US 20080163737 A1
An improved guitar pick is flat metal stock of an oval shape, having a ridge of a rounded cross-section on one side near the leading edge, and preferably decorative and/or informative designs or words permanently imprinted on the top and/or bottom. The metal stock is preferably an alloy of primarily zinc material of about 0.020 inches thick and the ridge thickness a maximum of about 0.014 inches. The guitar pick can be made by deforming a conventional penny into an elongated, and depositing metal material near the leading edge to form the ridge and optionally imprinting the side(s) of the elongated. The penny is preferably deformed to a maximum length of about 1.4 inches and a maximum width of about 0.8 inches.
1. A guitar pick comprising a generally flat metal stock of a generally oval shape, having a ridge of a generally rounded cross-section on one side proximate a leading edge.
2. The guitar pick of
3. The guitar pick of
4. The guitar pick of
5. The guitar pick of
6. A method of making an improved guitar pick comprising the steps of:
deforming a conventional penny into an elongated; and,
depositing metal material on one side of the elongated proximate a leading edge forming a ridge.
7. The method of
8. The method of
1. Field of the Invention
This present invention relates generally to guitar picks.
2. Description of the Related Art
Various guitar picks have been around for as long as stringed musical instruments such as guitars, banjos and mandolins, hundreds of years or longer. The word “pick” comes from plectrum or plec for a small piece of plastic, wood, metal or the like for plucking a guitar or other stringed instrument.
Since the late 1800s when celluloid came into being, guitar picks have been commonly been made of various commercial plastics. The most common shape (est. approx. 90% of picks currently being sold) is that of an isosceles triangle with two equal very rounded corners and the third corner rounded to a lesser extent. Other shapes are also known including an equilateral triangle and a more-rounded tear drop shape.
Guitar picks come in varying thicknesses, most commonly about 0.02 inches for thin picks, 0.03 inches for medium picks and 0.04-0.06 inches for heavy picks. Thinner guitar picks are more flexible and tend to offer a wider variety and possibly extreme sounds. Larger and thicker elliptical or wedge-shaped picks are known for bass players for the thicker strings of a bass guitar. Using an ordinary coin for a guitar pick is not popular but known for bass players. To this day musicians search for the optimal material, shape, configuration, etc. for guitar picks to offer new and improved sounds.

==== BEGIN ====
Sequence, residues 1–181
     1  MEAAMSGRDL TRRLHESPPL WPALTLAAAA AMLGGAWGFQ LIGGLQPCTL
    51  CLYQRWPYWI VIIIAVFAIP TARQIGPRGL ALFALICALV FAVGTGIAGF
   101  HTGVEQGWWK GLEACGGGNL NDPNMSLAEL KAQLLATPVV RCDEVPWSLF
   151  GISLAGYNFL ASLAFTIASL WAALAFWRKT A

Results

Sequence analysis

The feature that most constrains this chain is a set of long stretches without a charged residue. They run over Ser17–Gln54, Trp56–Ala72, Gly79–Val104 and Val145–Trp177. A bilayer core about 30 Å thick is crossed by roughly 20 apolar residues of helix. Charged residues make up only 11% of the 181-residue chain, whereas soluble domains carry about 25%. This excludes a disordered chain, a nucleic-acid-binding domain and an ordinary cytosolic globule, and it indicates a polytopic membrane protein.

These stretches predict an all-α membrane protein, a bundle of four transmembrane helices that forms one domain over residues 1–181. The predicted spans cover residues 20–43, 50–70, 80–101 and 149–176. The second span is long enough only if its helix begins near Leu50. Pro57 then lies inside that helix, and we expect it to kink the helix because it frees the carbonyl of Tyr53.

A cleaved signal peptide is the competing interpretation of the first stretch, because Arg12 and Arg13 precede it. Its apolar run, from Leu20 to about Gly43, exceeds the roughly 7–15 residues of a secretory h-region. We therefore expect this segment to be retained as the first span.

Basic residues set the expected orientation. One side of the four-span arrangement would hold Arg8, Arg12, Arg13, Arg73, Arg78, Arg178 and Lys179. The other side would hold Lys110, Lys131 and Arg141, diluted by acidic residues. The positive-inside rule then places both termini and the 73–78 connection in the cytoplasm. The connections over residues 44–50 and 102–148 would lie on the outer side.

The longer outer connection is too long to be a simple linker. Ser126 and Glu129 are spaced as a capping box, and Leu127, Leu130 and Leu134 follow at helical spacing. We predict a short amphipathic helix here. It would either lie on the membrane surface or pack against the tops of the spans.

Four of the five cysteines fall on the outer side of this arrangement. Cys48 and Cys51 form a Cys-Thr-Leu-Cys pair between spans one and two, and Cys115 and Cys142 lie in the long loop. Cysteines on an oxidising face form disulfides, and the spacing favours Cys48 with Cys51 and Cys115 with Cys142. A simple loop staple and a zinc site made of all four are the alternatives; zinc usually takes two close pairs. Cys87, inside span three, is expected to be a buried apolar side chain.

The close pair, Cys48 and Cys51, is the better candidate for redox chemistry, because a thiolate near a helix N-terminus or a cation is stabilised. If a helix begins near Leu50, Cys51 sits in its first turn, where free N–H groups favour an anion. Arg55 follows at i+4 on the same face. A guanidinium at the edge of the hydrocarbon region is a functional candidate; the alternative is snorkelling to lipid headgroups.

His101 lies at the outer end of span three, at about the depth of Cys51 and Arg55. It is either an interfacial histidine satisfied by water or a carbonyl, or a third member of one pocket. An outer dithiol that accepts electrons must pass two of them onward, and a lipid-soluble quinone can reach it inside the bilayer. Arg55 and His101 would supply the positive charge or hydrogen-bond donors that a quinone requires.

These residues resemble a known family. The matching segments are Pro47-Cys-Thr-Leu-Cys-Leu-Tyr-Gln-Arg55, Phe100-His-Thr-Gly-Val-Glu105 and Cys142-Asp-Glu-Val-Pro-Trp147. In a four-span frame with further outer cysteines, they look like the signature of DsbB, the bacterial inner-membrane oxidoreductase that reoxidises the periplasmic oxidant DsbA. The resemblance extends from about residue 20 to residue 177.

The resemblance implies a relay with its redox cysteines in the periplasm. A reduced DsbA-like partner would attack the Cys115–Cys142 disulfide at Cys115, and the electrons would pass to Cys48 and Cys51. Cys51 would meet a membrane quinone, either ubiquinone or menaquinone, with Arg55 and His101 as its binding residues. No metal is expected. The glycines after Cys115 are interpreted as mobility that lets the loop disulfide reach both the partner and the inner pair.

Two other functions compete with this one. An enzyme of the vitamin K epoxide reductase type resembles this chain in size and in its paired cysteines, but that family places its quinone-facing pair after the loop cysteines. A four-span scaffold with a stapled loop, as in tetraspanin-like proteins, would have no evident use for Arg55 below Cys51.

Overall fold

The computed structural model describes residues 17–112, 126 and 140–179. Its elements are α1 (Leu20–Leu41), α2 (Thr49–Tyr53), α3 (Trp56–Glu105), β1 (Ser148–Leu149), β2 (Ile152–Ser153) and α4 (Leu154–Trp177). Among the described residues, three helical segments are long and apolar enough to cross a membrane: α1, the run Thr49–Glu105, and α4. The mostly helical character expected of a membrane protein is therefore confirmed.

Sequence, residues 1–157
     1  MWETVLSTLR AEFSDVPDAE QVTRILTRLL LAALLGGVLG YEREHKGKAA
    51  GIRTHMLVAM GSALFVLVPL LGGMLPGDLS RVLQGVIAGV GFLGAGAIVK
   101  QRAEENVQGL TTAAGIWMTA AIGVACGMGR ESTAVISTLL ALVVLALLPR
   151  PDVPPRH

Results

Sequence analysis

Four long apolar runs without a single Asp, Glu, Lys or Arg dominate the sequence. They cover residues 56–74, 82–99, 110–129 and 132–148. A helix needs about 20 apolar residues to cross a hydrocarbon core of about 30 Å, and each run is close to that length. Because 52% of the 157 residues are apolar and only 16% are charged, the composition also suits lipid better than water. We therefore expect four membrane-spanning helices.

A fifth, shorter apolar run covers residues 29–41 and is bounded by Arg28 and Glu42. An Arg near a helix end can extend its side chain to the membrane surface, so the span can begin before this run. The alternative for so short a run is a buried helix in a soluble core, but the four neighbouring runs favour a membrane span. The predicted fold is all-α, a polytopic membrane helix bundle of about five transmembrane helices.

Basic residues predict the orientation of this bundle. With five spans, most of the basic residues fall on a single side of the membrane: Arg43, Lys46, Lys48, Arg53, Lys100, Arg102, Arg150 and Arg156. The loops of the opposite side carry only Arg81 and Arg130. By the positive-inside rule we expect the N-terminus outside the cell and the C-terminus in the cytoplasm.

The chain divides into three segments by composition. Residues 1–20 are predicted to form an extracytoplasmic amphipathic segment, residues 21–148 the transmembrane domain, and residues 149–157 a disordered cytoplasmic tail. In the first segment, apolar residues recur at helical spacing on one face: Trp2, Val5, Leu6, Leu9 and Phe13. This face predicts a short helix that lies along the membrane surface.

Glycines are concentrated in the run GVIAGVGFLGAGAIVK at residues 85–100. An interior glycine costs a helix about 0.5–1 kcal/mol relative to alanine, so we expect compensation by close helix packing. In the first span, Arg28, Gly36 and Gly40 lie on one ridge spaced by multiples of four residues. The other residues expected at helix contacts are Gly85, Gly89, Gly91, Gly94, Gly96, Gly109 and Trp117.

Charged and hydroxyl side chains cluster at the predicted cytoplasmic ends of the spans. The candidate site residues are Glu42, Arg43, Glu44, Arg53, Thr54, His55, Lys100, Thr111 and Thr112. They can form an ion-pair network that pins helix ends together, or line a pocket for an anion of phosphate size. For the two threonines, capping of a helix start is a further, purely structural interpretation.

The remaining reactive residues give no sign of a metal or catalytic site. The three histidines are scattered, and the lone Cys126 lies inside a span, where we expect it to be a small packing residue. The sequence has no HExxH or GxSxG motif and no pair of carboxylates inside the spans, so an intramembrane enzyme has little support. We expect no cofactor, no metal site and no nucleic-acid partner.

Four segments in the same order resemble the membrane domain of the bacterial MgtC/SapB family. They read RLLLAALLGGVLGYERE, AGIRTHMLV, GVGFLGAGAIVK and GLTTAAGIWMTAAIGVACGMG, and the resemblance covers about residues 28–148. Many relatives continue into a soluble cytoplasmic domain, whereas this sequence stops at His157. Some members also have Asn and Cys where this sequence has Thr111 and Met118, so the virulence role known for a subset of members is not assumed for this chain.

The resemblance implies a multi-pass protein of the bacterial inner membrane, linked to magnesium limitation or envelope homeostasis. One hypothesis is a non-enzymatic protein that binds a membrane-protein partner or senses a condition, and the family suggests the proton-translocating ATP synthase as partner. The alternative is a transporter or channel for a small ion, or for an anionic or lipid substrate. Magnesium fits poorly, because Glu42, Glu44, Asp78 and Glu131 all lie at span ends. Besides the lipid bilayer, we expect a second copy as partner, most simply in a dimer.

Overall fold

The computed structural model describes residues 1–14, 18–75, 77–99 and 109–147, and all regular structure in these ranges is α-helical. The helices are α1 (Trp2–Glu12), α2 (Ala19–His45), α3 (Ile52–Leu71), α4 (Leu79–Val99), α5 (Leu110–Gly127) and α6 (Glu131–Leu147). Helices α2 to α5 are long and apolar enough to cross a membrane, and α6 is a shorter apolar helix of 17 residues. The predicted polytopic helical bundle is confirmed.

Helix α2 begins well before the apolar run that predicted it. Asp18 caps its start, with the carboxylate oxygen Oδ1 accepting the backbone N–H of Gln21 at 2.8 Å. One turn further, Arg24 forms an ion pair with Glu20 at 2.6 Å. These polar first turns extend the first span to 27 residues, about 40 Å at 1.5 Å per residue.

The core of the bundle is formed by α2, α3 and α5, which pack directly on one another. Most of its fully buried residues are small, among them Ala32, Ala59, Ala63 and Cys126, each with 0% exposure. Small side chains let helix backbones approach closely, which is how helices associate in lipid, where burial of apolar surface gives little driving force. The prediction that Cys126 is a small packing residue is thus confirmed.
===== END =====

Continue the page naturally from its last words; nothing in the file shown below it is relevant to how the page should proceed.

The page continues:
In recent years guitar picks have also come in a multitude of colors or background patterns, and with printed indicia thereon such as particular names of bands or performing artists, or manufacturer/company logos. Additionally, artists' signatures, drawings, photos and the like are common guitar pick imprints. Over the years selected guitar picks have become highly collectable, although plastic picks with imprinted designs tend to wear out and the imprinting fades through use and over time.
Elongateds are coins, usually pennies, that have been rolled through steel cast dies, flattening them, and imprinting a new design on one or both sides. Machines exist to squish pennies and add the new designs and are often found at various tourist attractions. Such mutilation of U.S. coins is not unlawful unless done with fraudulent intent to pass off the coins as being other than they are. Such souvenir squished pennies have been popular for years and are also collectable. There is even a Squished Penny Museum in Washington, D.C.
It is an object of the present invention to provide an improved guitar pick that will provide unique new and improved sounds;
It is a further object of the present invention to provide a type of guitar pick that will be attractive and collectable; and,
It is still a further object of the present invention to provide a durable guitar pick that can be used and retained for many years.
These and other objects will become apparent upon reading the following detailed description and upon reference to the accompanying drawings.
As best shown in
The improvement over guitar picks of the prior art is the combination of the shape of the pick, the configuration of the raised ridge, the material of the improved pick and other features and advantages disclosed in this specification. The improved pick with the ridge provides for plucking of the strings of an acoustic or electric guitar rather than merely strumming or brushing the fingers or a pick across the strings. The inventors believe a cleaner and more piercing sound is provided with use of the improved pick. The opposing side of the pick without the ridge may be used for strumming the strings. Also, the pick is bendable enabling one change the angle of attack to accommodate the preferences of the user.
While the present invention has been described with regards to particular embodiments, it is recognized that additional variations of the present invention may be devised without departing from the inventive concept.